The “far side” of Taiwan—the island’s hidden eastern coastline—is a world unto itself.
Taiwan’s east coast is protected by some of Asia-Pacific’s most formidable mountains to its north, south and west. It faces the vast emptiness of the Pacific Ocean to the east.
When the first settlers from the continent arrived in Taiwan in the 17th century, eastern Taiwan’s remoteness meant that it was among the last regions to be explored and settled by newcomers. The region’s isolation made it the home of the island’s largest indigenous Formosan community—that of the Amis people.
The Amis people developed some of the most unique cultural characteristics among Taiwan’s Formosan nations.
Unlike most other indigenous communities of Taiwan, the Amis was one of only two tribes that traditionally had matriarchal societies. These were societies dominated by women, rather than men. In that ancient homeland of the Amis people, women once ruled.
Since the 17th century, Taiwan’s Sinitic-speaking (Han) immigrants built communities that adhered to Confucian traditions. These ancient Chinese values, reinforced by a half-century of colonial rule by the equally Confucian Japanese (from 1895 to 1945), produced a rigid and conservative patriarchal society on the island that only began to break down with democratization and the rise of women’s rights movements during the 1970s.
Social dominance by men, however, was not limited to Taiwan’s Han and Japanese colonial communities. Most indigenous Formosan societies were, in fact, also patriarchies.
Only the Amis of the east and their Puyuma neighbours just to the south were unique exceptions. In Amis and Puyuma societies, inheritance was passed down through the female line and their vast networks of clans and kinships were headed not by male chiefs but by powerful matriarchs.
While Amis and Puyuma men trained as warriors and looked after military and diplomatic affairs, the internal workings of the clans were the domain of the matriarchs. Properties were owned by women and inherited primarily by daughters. When a marriage took place, the groom moved into and joined the household of the bride. He adopted her family name and served her house. Their children were her heirs and his spear defended her domain.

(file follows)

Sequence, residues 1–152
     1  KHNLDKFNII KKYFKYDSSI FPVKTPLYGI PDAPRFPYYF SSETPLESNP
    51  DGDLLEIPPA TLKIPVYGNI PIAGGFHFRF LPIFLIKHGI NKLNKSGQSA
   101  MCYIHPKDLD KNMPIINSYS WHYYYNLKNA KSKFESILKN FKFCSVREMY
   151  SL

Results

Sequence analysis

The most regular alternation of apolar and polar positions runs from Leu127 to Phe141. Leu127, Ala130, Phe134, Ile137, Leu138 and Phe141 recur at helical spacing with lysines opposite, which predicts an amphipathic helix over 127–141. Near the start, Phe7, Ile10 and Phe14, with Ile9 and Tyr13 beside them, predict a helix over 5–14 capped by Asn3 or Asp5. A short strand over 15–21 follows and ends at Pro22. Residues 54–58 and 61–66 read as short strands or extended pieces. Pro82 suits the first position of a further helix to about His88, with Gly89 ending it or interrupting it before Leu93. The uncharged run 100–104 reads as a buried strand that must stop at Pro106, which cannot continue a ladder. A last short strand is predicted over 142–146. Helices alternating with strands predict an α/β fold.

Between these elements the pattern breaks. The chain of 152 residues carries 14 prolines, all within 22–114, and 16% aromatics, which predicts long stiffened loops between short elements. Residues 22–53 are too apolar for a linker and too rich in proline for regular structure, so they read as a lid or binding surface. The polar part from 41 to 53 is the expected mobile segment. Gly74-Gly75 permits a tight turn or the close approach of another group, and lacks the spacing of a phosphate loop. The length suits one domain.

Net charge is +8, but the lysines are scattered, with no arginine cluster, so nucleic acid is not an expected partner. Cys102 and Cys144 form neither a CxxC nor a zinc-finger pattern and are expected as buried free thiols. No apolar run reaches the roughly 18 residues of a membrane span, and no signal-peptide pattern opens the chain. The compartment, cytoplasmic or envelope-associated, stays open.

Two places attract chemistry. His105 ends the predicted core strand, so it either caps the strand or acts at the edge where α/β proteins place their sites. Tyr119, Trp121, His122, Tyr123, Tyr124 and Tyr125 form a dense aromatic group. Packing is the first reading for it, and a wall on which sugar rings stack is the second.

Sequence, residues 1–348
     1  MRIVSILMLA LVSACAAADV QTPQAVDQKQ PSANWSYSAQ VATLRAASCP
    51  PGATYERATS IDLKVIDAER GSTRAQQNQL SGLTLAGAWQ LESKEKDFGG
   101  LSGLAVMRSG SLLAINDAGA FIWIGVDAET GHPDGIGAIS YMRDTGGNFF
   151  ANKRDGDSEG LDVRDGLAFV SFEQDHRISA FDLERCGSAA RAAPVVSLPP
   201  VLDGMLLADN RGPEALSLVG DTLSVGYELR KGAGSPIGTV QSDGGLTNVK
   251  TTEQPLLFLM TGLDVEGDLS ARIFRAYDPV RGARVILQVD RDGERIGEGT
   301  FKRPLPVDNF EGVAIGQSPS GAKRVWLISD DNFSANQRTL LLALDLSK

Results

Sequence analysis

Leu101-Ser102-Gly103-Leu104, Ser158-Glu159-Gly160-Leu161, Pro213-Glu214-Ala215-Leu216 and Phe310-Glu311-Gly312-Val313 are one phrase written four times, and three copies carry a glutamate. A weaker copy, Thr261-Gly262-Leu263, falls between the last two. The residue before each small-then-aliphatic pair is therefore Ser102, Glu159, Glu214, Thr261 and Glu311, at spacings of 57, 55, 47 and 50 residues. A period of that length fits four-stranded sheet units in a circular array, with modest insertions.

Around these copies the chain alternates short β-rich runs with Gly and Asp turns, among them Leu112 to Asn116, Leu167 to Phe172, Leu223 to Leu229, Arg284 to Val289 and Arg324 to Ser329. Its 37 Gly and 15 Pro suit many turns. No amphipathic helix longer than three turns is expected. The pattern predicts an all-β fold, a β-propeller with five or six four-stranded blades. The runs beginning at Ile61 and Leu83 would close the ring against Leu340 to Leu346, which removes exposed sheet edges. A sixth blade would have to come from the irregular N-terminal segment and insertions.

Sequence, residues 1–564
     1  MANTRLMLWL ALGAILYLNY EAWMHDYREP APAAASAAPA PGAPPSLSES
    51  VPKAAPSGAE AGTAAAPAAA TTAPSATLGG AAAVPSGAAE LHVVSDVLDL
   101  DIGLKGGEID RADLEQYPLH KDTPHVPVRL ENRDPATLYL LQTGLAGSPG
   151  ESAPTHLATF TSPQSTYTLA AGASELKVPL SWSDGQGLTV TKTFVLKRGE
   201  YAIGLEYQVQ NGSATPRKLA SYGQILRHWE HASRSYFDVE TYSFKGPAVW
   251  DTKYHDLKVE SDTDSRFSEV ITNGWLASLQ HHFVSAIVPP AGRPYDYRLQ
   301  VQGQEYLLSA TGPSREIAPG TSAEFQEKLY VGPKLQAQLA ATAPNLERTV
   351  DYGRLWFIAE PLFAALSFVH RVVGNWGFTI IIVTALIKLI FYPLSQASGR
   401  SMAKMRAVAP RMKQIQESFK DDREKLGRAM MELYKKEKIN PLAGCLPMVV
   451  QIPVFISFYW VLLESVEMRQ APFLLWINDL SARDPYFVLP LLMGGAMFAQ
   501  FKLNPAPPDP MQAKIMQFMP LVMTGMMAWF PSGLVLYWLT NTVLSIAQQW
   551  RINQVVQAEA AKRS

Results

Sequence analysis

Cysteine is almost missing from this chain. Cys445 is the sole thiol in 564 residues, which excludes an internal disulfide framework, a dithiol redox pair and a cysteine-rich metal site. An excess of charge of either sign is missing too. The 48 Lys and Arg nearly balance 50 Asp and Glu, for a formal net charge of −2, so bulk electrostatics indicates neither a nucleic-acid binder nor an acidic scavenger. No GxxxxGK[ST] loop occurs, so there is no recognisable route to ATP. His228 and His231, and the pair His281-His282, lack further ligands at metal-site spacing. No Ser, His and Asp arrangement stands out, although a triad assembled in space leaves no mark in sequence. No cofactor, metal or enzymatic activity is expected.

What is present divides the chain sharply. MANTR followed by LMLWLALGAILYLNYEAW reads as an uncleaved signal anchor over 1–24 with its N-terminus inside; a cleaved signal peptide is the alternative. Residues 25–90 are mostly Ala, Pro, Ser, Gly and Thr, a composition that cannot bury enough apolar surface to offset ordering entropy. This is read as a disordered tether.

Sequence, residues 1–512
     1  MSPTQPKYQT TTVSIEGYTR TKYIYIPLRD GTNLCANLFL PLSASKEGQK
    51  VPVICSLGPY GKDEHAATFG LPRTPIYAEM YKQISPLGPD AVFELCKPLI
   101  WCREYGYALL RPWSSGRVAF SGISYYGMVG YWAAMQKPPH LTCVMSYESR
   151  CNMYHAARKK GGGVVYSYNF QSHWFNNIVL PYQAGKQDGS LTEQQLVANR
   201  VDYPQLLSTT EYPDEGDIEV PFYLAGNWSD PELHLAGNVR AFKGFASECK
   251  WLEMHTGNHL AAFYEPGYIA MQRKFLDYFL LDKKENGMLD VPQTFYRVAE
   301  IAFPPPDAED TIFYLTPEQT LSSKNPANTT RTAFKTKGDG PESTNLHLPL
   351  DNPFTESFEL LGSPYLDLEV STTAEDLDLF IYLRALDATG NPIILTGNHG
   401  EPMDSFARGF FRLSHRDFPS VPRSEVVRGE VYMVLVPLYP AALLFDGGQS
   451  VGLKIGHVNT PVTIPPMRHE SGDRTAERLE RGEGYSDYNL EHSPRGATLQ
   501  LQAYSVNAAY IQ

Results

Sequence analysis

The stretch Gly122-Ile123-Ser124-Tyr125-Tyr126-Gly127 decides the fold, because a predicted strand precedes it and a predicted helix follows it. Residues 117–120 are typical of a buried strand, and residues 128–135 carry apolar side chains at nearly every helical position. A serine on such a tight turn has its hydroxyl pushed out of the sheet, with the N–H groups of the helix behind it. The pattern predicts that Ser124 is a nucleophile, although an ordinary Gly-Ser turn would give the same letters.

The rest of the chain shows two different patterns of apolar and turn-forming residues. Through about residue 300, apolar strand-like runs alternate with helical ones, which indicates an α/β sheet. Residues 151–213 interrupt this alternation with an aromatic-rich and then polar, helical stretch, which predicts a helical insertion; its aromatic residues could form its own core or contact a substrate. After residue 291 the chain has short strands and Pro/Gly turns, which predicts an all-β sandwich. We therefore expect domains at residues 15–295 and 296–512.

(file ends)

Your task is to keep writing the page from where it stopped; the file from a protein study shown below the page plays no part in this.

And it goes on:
Some scholars have challenged and debated the nature of Amis and Puyuma matriarchy. Some say that these societies are imperfect examples of social dominance by women. These challenges are not entirely unfounded, as most affairs in the public sphere, such as war and diplomacy, were indeed largely conducted by men. It is, however, a mistake to underestimate the internal influence exerted by kinship-based networks in traditional tribal societies. And within these tribal networks, the matriarch’s authority was absolute.
Successions among Amis and Puyuma clans were matrilineal. The post of matriarch passed, upon her death, to the next most senior female member of the clan, usually a sister or the eldest daughter. All properties in these households, such as land, houses and other assets, were inherited by sisters or daughters. Only when no living female successors were present did the men of the house inherit anything at all.
In many ways, very little was different from the practice of primogeniture found throughout Europe and Asia. The crucial difference was that, instead of having the boys carry the proverbial torch for their families, girls shouldered the responsibility in traditional Amis and Puyuma societies.
Unique as these east Formosan practices were, centuries of influences from the outside have chipped away at the power of the matriarch. As Han settlements grew in influence in Taiwan and eventually became the dominant force on the island, their cultures, languages and names penetrated the highlands and forests—reaching aboriginal homes and changing the unique ways of life they encountered.
Additionally, Taiwan from 1895 to 1945 was a key Japanese colonial possession. The colonial government introduced so-called kōminka policies aimed at Japanizing the Taiwanese Han and “civilizing” the native Austronesians. Under tremendous external pressure, aboriginal societies were forever transformed.
Today, like in other Taiwanese communities, most Amis and Puyuma brides join their husbands’ households and their children inherit paternal family names. The heyday of the tribal matriarch’s authority has largely passed into Taiwan’s history.
Their spirits have, however, lived on in a way. Since Taiwan’s democratization in the latter half of the 20th century, a relentless push toward gender equality has steadily gained support in the Taiwanese mainstream.
In 2016, the Taiwanese people succeeded in shattering the glass ceiling and elected their first female president. Without delving too deeply into the realm of politics, it is, nevertheless, worth noting that this event was in itself a very remarkable achievement and a milestone in Taiwan’s gender relations.
Just like the matriarchs of old, in 21st-century Taiwan, a woman was put in charge by her people—this time, she leads not merely a clan or a tribe, but the whole of this progressive island democracy.